Movie Review: Tender Mercies

I don’t trust happiness.  I never did.  I never will. – Robert Duvall as Mac Sledge in Tender Mercies

Tender Mercies is a 1983 film that won Robert Duvall his only Oscar for Best Actor.  A wonderful story of redemption, it observes a man humbled by life but restored by love.

One of the ways people of a traditional or conservative bent might have better impact on the culture is by telling better stories.  This movie would make a perfect example.  Nothing about Tender Mercies is conservative in the political sense, but it asks the right questions and challenges the right notions while telling its profound story in a simple way.  This form of straight-forward storytelling reminded me of another favorite movie from that era, Chariots of Fire.  Although not a true story like Chariots was, not a single scene in the movie hits a false note. The Oscar won for Best Original Screenplay was deserved.

The focus of the movie is Mac’s conversion from drunken, washed-up country singer long since estranged from his ex-wife and daughter, to sober, loving husband and step-father to a widow (Rosa Lee) and her son (Sonny).  Yet, one of the more brilliant examples of the way the story is told is how it becomes obvious that God’s mercy on Mac also becomes God’s mercy on the hard, lonely life of this widow and her son.  Although the movie does show Mac turn towards faith, showing his baptism in a moving, yet unforced scene, it is his new wife, Rosa Lee, who is shown thanking God for His tender mercies.  In a powerful scene, she reveals, “I say my prayers for you, and when I thank the Lord for his tender mercies, you’re at the head of the list.”  The brawling, drunken, pointless life shown in the first scene of the movie is now a life with purpose.  This scene, in showing how these two are now bound together in love, in faith, and in marriage calls to mind the wonderful line by G.K. Chesterton, “It is the nature of love to bind itself, and the institution of marriage merely paid the average man the compliment of taking him at his word.”

How does God’s love make itself known to terrible sinners?  Why is God’s mercy shown to this drunk but not that other one?  Why do God’s tender mercies restore our life, only to leave us just as vulnerable to pain and suffering as we were before belief found its way into our souls?

For a fleeting moment, God begins to grant Mac the chance to restore his relationship with his daughter from his previous life.  In their first encounter with each other in some years, Duvall’s facial expressions and tone reveal his brilliance as an actor.  He is a man ashamed that he was the way he was when he was there, ashamed of the years he wasn’t there at all, yet hopeful and thankful to see her again at that moment.  How many actors could have played that scene as effectively as Duvall?  Unfortunately, his daughter loses her life in a car accident before they have a chance to take the next step.  This leads to the most powerful scene in the movie, where Mac confesses his inability to understand the world:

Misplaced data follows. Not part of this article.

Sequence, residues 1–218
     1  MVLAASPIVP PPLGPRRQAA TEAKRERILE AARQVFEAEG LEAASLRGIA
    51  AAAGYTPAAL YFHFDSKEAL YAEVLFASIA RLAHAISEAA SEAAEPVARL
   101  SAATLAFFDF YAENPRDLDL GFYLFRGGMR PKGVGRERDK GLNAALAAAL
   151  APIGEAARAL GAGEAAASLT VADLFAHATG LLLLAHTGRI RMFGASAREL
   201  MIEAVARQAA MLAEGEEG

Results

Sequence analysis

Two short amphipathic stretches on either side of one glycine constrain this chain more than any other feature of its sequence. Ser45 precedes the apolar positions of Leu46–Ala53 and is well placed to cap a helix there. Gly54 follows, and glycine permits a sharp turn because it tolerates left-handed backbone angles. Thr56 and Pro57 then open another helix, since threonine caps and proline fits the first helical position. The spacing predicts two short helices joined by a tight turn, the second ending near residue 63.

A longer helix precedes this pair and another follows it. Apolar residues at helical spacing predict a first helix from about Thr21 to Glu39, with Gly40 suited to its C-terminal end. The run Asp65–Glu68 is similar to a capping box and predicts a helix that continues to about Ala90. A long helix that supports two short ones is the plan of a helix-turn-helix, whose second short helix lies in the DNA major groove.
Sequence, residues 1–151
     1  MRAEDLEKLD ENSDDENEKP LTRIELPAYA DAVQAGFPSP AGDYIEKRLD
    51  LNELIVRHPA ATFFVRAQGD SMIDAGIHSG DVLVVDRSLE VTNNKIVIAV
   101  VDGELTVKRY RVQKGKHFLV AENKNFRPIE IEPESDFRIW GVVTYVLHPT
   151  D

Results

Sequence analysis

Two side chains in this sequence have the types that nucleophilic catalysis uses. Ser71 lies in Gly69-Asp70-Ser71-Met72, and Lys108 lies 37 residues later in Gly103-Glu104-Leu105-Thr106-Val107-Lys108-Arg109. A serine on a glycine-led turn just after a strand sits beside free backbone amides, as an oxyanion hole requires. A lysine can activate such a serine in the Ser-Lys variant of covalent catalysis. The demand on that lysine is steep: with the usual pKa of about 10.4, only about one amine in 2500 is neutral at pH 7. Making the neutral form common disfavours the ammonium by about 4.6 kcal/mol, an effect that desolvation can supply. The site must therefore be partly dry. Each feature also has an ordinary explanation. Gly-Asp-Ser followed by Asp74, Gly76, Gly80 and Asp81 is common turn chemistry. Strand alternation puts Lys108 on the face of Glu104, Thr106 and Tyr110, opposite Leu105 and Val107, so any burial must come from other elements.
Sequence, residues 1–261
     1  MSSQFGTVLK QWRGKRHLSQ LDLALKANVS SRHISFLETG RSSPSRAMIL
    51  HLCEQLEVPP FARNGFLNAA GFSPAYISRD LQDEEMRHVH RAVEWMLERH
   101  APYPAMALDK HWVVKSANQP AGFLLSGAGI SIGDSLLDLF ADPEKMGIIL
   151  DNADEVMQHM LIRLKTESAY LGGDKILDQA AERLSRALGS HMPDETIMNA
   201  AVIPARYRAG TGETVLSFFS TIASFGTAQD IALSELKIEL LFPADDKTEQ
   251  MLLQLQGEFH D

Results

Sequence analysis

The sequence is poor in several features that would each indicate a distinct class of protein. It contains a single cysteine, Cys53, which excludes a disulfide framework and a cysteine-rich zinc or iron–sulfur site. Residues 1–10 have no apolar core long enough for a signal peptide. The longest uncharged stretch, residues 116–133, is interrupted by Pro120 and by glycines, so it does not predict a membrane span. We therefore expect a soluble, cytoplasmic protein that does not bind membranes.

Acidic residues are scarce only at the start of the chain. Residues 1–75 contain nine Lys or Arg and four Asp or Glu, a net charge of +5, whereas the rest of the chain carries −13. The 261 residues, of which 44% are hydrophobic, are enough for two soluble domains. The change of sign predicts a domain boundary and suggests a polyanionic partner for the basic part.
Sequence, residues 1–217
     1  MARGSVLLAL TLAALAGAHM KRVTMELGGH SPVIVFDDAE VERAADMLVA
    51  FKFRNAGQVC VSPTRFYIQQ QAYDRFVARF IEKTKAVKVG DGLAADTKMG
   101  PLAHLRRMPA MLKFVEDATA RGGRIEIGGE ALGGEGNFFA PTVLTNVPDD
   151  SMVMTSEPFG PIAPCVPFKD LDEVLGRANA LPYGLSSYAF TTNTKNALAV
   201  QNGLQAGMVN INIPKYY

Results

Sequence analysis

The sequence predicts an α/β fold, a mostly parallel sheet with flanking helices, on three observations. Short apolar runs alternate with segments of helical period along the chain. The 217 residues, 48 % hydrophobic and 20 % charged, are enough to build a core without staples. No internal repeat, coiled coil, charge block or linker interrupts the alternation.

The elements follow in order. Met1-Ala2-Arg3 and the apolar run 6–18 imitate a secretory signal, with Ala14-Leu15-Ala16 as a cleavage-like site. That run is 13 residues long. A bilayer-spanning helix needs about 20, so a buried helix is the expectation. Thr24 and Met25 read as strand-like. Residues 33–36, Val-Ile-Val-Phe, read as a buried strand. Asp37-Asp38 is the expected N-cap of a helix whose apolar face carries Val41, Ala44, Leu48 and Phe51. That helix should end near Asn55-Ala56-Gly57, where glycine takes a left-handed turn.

“I was almost killed once in a car accident.  I was drunk, and I ran off the side of the road, and I turned over four times, and they took me out of that car for dead.  But I lived.  And I prayed last night to know why I lived and she died, but I got no answer to my prayers.  I still don’t know why she died and I lived.  I don’t know the answer to nothing.  Not a blessed thing.  I don’t know why I wandered out to this part of Texas drunk, and you took me in and pitied me and helped to straighten me out and marry me.  Why?  Why did that happen?  Is there a reason that happened?  And Sonny’s daddy died in a war and my daughter killed in an automobile accident.  Why?  You see, I don’t trust happiness.  I never did.  I never will.”

The tender mercies God shows us never come cheap, nor, it can regularly seem, are they overly concerned about our happiness.  Mac is wise not to trust happiness in this life.  He is now learning to be faithful to the Lord, and the Lord is teaching him the world will not be faithful to him back.  For it is still fallen.  Yet, why do the lessons have to be so painful?

One of the more common refrains among those who have children goes something like this: “I just want my kids to be happy.”  When we say we only want our children (or our friends or our parents or our neighbors) to be happy do we remember that happiness in this world is not to be trusted?  I’m not so sure we do.  This is why we console ourselves in our sins – and theirs –  by saying, “We only want them to be happy.”  Christianity teaches us that since the world has fallen, happiness is ultimately only found in Heaven, in a kingdom ‘not of this world’.  And Heaven is only found in Christ and His mercy, in a life of repentance and holiness.  Do we trust God enough to believe that such a life is more enjoyable?

Much else happens in this movie worth discussing, with a second major theme being that of the importance of a father to sons and daughters.  In fact, the closing scene implies this might have been what the film was about all along.

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One Comment

  1. Mark McGee
    Posted July 1, 2013 at 10:23 pm | Permalink

    Hugged a co-worker just today who returned to work after burying her son. I don’t trust happiness, what a profound line, and thought. I’ll have to watch the movie, love Duvall. Good article.

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